Trouble in the Suez

Billy Joel probably had no idea that 32 years after his epic hit, We Didn’t Start the Fire, there would be another Suez crisis. Maybe it’s time for a revamp, Billy!

The first Suez crisis began in October of 1956 when Israeli forces pushed into Egypt towards the Suez Canal after Egyptian president Nasser nationalized the canal, a valuable waterway that controlled two-thirds of the oil used by Europe. 

The Israelis were soon joined by French and British forces, which nearly brought the Soviet Union into the conflict and damaged their relationships with the United States. In the end, Egypt emerged victorious, and the British, French, and Israeli governments withdrew their troops in late 1956 and early 1957.

Now, more than 6 decades later, a new crisis has developed in the Suez Canal, and this time, an unlikely source is at fault. 

The Ever Given, a 224,000 ton, 1,300-foot long container ship is the culprit. The massive vessel, which is comparable in size to the Empire State Building, was making its way from China to the Netherlands when it ran aground during a sand-storm that caused low visibility last Tuesday, March 22. 

Since then, with engineers unable to free the ship, traffic in the Suez has been massively backed up.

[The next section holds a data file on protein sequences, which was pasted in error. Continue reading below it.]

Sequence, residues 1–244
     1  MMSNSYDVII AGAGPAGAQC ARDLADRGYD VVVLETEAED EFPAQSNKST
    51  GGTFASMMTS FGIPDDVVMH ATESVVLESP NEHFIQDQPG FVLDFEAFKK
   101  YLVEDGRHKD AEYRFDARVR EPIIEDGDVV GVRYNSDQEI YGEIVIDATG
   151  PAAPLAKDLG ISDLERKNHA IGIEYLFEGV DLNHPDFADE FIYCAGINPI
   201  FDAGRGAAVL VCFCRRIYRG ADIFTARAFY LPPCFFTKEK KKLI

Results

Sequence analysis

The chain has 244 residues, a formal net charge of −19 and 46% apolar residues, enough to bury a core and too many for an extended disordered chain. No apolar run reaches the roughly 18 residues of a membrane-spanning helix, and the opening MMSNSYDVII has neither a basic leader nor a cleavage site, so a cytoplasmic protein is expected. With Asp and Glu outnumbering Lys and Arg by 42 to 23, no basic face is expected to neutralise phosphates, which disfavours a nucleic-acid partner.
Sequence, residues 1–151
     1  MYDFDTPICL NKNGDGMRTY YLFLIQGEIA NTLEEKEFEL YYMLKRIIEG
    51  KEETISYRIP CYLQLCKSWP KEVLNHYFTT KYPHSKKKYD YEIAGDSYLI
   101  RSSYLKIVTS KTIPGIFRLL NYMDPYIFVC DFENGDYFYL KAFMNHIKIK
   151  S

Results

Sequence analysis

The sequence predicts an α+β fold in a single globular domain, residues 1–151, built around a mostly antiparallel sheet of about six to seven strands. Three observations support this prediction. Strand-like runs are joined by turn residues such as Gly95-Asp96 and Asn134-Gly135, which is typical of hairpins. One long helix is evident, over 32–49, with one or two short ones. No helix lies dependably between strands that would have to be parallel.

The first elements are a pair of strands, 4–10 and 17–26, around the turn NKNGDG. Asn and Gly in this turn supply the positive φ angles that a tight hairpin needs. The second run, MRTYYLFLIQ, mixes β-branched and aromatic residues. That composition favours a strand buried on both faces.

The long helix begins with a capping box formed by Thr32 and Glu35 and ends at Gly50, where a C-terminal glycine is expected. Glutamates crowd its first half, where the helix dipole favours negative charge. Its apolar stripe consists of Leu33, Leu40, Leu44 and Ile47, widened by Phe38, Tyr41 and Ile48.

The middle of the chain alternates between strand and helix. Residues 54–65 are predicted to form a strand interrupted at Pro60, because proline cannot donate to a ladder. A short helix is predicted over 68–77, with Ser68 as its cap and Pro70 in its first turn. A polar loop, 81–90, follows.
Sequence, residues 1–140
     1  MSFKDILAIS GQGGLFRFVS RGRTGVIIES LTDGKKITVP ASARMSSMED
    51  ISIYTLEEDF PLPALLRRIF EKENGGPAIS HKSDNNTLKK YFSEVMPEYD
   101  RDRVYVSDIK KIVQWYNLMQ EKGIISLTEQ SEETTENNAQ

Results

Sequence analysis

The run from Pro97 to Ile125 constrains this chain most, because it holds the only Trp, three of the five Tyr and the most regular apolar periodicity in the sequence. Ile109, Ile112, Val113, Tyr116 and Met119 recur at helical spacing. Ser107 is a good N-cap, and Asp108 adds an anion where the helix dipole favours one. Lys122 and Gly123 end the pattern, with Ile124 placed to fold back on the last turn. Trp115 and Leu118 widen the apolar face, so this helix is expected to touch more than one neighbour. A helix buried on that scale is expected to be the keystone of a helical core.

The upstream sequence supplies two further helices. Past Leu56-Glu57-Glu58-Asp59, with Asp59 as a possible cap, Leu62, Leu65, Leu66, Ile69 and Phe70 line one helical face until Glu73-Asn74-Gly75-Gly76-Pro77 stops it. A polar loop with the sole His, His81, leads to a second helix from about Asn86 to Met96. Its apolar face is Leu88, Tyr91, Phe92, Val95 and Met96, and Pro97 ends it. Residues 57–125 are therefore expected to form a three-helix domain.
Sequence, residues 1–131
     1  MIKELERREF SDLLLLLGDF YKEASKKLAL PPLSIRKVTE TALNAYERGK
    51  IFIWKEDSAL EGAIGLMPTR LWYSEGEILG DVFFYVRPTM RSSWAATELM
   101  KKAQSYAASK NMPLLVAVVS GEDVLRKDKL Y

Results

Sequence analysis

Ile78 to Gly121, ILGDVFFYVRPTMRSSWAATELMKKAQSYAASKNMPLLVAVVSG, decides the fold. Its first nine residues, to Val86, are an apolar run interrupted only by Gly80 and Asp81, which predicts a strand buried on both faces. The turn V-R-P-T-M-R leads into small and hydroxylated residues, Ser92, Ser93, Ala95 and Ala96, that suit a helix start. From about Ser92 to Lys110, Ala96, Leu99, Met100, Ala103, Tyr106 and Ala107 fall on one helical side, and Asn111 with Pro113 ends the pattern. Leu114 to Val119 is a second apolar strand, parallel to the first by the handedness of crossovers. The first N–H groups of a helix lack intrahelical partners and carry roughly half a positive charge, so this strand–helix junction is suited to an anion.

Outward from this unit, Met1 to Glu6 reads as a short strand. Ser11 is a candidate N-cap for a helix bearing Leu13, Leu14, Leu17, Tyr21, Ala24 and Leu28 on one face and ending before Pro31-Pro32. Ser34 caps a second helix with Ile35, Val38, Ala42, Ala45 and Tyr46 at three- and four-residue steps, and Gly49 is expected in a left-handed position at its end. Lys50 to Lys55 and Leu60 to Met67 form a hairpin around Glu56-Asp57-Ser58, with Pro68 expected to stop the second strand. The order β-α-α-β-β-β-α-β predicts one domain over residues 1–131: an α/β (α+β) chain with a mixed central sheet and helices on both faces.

The Suez canal is one of the world’s busiest trade routes and provides the shortest maritime link for goods traveling from Asia to Europe by connecting the Mediterranean Sea to the Red Sea. 

Nearly $10 billion worth of goods travel through the Suez every day. 

The consequences of Ever Given’s blockage of the canal have been felt worldwide. 

The United States is likely to have less of a direct impact, however imports from Europe may be delayed and the blockage will prevent empty shipping containers from being returned to Asia, adding a container shortage caused by rising demand for consumer goods during the pandemic. 

However, the Suez situation could compound issues for a supply chain already under pressure from the pandemic, as virus-related restrictions have trapped crews on merchant ships, congested ports have led to container ships anchoring off the California coast, unable to dock and unload their goods, and shortages of semiconductors and rare-earth elements have halted manufacturing of cars and other products.

Oil prices jumped Friday on mounting concerns that it could take weeks to free the Ever Given from the canal. However, prices were still headed for a third consecutive weekly loss, with the outlook for demand somewhat dented by new coronavirus lockdowns across Europe.

Egyptian authorities said today, March 29, that engineers have successfully started to refloat Ever Given and have freed it from the shoreline. 

The engineers, who have been trying for days to pull the fully laden vessel with tugboats, are expected to resume their efforts when water levels rise to a maximum, allowing the ship’s course to be completely straightened.